In­ter­est­ingly, af­ter Mad­havrao died pre­ma­turely in a plane crash in 2002, his widow took their son to Digvi­jaya and asked him to men­tor him. Jy­oti­ra­ditya used to visit Digvi­jaya at his CM res­i­dence in Bhopal. That ex­per­i­ment, how­ever, clearly was very short-lived as the cur­rent strained re­la­tion­ships show.

Dur­ing a rally in July 2017 at La­har—iron­i­cally pitched as a unity meet with all the lead­ers shar­ing the dais— Digvi­jaya turned to Scin­dia with a smile and said, “go and fight the BJP, not me”. In­ter­est­ingly, Scin­dia’s fa- ther Mad­havrao had or­gan­ised a sim­i­lar unity meet in Dabra in 1993, where he got all the war­ring fac­tions—Moti­lal Vora, Ar­jun Singh, Digvi­jaya and Nath (who were then with Ar­jun Singh)—on the same dais. And the Congress won the state polls later that year.

It is this gap that Rahul Gandhi tried to bridge when he ap­pointed Ka­mal Nath as the PCC chief, for Digvi­jaya had made it clear that if Scin­dia was pro­moted then he would rebel. And nei­ther Nath, nor Scin­dia has the same hold over the party ap­pa­ra­tus as Digvi­jaya has. While Scin­dia’s ap­peal lies in the Guna-Gwalior-Shivpuri belt, Nath is pop­u­lar in the Ma­hakaushal-Ch­hind­wara re­gion. It is Digvi­jaya alone who has a pan state ap­peal. As Rasheed Kid­wai points out, “Mad­hya Pradesh is unique in that it does not have a lin­guis­tic iden­tity as does West Ben­gal or Tamil Nadu. Ev­ery few hun­dred kms the lan­guage changes. It is an ad­min­is­tra­tive state.” This gives rise to re­gional satraps within the state and hence the fac­tion­al­ism is more in­tense here than in other states.

How­ever, one thing all the Congress lead­ers from MP have in com­mon is their con­ser­va­tive Hin­duism, which works in the Hindi belt. Digvi­jaya just com­pleted the 3,300-km long Nar­mada Parikrama. Ka­mal Nath has built a 101 ft tall Hanu­man tem­ple in his con­stituency, while Scin­dia re­cently told the BJP they should learn how to build tem­ples from his fam­ily which has built 60 tem­ples across MP, Ut­tar Pradesh, Ma­ha­rash­tra and Ra­jasthan. Hence, in Mad­hya Pradesh, it was not dif­fi­cult for the Congress to counter the BJP’s Hin­dutva card with some de­gree of con­vic­tion.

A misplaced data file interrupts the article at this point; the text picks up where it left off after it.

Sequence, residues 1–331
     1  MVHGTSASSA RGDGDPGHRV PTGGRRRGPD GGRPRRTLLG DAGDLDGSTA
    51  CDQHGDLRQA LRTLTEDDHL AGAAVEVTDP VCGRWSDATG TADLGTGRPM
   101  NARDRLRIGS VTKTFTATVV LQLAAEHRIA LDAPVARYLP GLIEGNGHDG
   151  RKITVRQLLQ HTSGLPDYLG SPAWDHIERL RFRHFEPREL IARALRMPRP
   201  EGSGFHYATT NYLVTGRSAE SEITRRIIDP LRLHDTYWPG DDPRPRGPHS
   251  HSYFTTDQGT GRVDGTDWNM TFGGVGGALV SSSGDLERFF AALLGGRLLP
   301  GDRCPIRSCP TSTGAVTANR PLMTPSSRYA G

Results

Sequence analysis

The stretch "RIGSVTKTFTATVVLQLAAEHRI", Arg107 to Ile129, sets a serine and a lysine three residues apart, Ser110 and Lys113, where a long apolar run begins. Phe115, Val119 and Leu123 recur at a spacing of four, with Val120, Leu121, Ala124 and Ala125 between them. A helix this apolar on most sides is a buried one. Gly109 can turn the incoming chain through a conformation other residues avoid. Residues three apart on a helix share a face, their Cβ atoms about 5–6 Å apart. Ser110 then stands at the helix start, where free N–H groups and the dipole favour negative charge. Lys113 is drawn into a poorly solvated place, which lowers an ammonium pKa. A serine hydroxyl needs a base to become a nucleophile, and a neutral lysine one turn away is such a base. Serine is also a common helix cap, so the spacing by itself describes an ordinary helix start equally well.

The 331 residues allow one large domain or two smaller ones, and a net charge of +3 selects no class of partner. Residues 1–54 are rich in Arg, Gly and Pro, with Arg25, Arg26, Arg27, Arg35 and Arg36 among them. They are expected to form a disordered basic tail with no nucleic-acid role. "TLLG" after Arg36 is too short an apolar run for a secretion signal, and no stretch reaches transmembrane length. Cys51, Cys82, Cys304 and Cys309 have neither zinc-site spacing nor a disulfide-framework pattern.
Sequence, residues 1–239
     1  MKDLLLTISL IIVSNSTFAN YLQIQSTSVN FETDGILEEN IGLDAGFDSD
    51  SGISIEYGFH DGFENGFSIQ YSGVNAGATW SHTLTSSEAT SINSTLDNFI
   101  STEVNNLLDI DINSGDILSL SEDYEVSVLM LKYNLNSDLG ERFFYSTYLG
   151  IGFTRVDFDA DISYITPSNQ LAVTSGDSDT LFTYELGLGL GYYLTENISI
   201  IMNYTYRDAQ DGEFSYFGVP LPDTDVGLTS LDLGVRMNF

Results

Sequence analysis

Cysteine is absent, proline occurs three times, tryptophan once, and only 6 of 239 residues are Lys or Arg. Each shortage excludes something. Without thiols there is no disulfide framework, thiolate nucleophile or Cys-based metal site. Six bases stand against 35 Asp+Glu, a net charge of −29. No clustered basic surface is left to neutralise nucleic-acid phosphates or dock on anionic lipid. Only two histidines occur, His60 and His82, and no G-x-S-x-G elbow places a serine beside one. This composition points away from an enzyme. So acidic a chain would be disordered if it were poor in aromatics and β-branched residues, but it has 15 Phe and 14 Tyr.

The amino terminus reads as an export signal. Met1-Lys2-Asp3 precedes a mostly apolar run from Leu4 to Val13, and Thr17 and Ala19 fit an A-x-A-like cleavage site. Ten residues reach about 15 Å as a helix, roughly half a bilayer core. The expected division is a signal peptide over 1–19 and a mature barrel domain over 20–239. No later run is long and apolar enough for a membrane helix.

Both Nath and Scin­dia kept their in­fight­ing away from pub­lic glare; each fo­cused on their strongholds dur­ing the cam­paign. Digvi­jaya’s face may have been miss­ing from the party posters, but he has been work­ing be­hind the scenes to en­sure a Congress win—for Nath. In fact, Nath claims it was at Singh’s re­quest that his face was kept out of cam­paign posters. Digvi­jaya also got the lion’s share of tick­ets dis­trib­uted, which led to a pub­lic face-off be­tween him and Scin­dia dur­ing an in­ner party meet­ing to fi­nalise seats.

What has also worked is Nath’s grip on gov­er­nance and ad­min­is­tra­tion. Un­der him the Congress launched Project Shakti, a cam­paign to gal­vanise booth- level work­ers iden­ti­fy­ing 43 key con­stituen­cies where the BJP was weak­est. Mad­hya Pradesh has 230 Assem­bly con­stituen­cies, with 65,341 booths and each booth was given 25-30 work­ers. The at­ten­tion to de­tail was not un­like that fol­lowed by BJP chief Amit Shah, though Nath had only seven months since he took over as Pradesh Congress Com­mit­tee (PCC) chief till the state elec­tions to de­liver. He also fo­cused on the sama­jik san­gath­ans (caste based groups) and wooed each sep­a­rately, con­cen­trat­ing on the OBC san­gath­ans. Party work­ers were given spe­cific tasks to al­lay all their con­cerns. Nath’s out­reach also in­cluded An­gan­wadi work­ers and Asha karyakar­tas (so­cial health ac­tivists) for he re­alised the in­flu­ence they had over their ar­eas of work. It was a well crafted cam­paign, for Nath’s strong point is putting sys­tems in place.

More­over, he was the one leader who could unite all fac­tions. Re­al­is­ing this, as early as 2017, Nath reached out to Scin­dia, and the duo told Rahul Gandhi that they were okay with whom­so­ever Rahul chose to pro­mote as party chief, but the Congress needed a face to counter the pop­u­lar Shivraj Singh Chouhan. Other state lead­ers like Kan­ti­lal Bhuria and Rahul Singh backed Digvi­jaya-Nath over Scin­dia. But at the end of the day, the Congress has fought a two-lay­ered bat­tle in Mad­hya Pradesh—one against the BJP, and the other equally in­tense one, within it­self.


Congress lead­ers Jy­oti­ra­ditya Scin­dia, Ka­mal Nath and Digvi­jaya Singh re­lease the party’s man­i­festo for the Mad­hya Pradesh Assem­bly elec­tions, in Bhopal, on 10 Novem­ber.

Newspapers in English

Newspapers from India

© PressReader. All rights reserved.